Topic 8 Coordination Problems

8.1 Types of Games

8.1.1 Classical Prisoner’s Dilemma

A Classic Game

Figure 8.1: A Classic Game

In the normal prisoner’s dilemma game, we assume that there are two rational problems and that there are only two kinds of strategies. The payoff strategies in order of favorability is also \(T > R > P > S\).

Communication doesn’t matter here and the best thing to do would be to always defect no matter what. Punishing players would result in second-order dilemmas, but it’s effective.

8.1.2 Evolutionary

An Evolutionary Prisoner's Dilemma Game

Figure 8.2: An Evolutionary Prisoner’s Dilemma Game

Like the previous weeks’ lecture mentions, the payoff in this game are the reproductive rates \(r\). If \(r > 1\), then the species grows; if \(r = 1\), then the species remains the same and so on.

The players here are populations and do not make choices. Instead, the players’ previous generations did what their parents did.

8.1.3 Correlated Social Structures

Correlated Social Structure

Figure 8.3: Correlated Social Structure

8.1.4 Stag Hunt Game and Battle of the Sexes

Stag Hunt Game

Figure 8.4: Stag Hunt Game

Battle of the Sexes

Figure 8.5: Battle of the Sexes

There are two kinds of Nash equilibria here. Because of this, there’s more uncertainty.

8.2 Coordination Problems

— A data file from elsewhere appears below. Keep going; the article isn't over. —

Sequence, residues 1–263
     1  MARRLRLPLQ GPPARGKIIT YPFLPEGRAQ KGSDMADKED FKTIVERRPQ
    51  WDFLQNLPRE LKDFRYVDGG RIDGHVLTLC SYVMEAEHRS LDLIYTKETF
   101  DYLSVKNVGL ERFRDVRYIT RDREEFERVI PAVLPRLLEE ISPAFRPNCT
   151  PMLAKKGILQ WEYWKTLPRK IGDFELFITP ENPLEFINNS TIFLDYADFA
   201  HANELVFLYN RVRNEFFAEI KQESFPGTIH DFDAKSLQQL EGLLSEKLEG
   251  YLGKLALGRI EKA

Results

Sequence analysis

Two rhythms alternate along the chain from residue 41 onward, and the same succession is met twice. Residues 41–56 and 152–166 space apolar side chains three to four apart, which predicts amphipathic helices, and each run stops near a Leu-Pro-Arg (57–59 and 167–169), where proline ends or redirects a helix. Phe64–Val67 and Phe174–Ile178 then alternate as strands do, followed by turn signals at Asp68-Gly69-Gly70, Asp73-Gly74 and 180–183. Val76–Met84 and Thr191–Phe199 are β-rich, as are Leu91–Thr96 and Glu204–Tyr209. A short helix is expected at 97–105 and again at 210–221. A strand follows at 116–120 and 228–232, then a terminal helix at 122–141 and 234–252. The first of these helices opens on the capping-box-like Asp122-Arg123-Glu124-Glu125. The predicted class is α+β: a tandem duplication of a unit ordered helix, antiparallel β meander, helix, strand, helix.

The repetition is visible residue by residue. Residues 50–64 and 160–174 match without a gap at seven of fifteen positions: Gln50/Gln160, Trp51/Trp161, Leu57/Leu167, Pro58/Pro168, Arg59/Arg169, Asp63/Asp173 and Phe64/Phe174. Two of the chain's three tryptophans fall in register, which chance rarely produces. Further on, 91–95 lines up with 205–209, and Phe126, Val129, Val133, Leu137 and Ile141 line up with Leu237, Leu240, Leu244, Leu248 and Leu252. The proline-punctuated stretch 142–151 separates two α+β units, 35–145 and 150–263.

8.2.1 Network Effects

This just states that the value of a product or a service will increase the more people use it.

8.2.2 Solving Coordination Problems

In such scenarios, people’s payoffs are better if and only if the other is better off and whatnot. So, the only way for individuals to maximize their payoffs is to play well with others.

There are multiple Nash equilibria and because of this, this is a major source of uncertainty. Using Luck

This means that each player has a 50% chance of getting the correct strategy combination. However, this isn’t a great solution as the probability will drop the more people play the game. Rational Calculation

This doesn’t work as all strategies have good outcomes. There is no “good” associated with each of the strategies. Other, Working Solutions

There are a few that prof. Oh lists:

  1. Standardization

    This refers to authorities, but this isn’t always possible.

  2. Conventions

    This is informal, but only works if there’s a common convention that all players follow. It’s because of this that we cannot say which convention is better than others (i.e., cultural relativism).

  3. Communication

    This should work, but only if players share a common language.

One thing to note is that these kinds of problems can also resolve by themselves through evolution. If their decisions wrok, people don’t choose the same strategy and vice versa.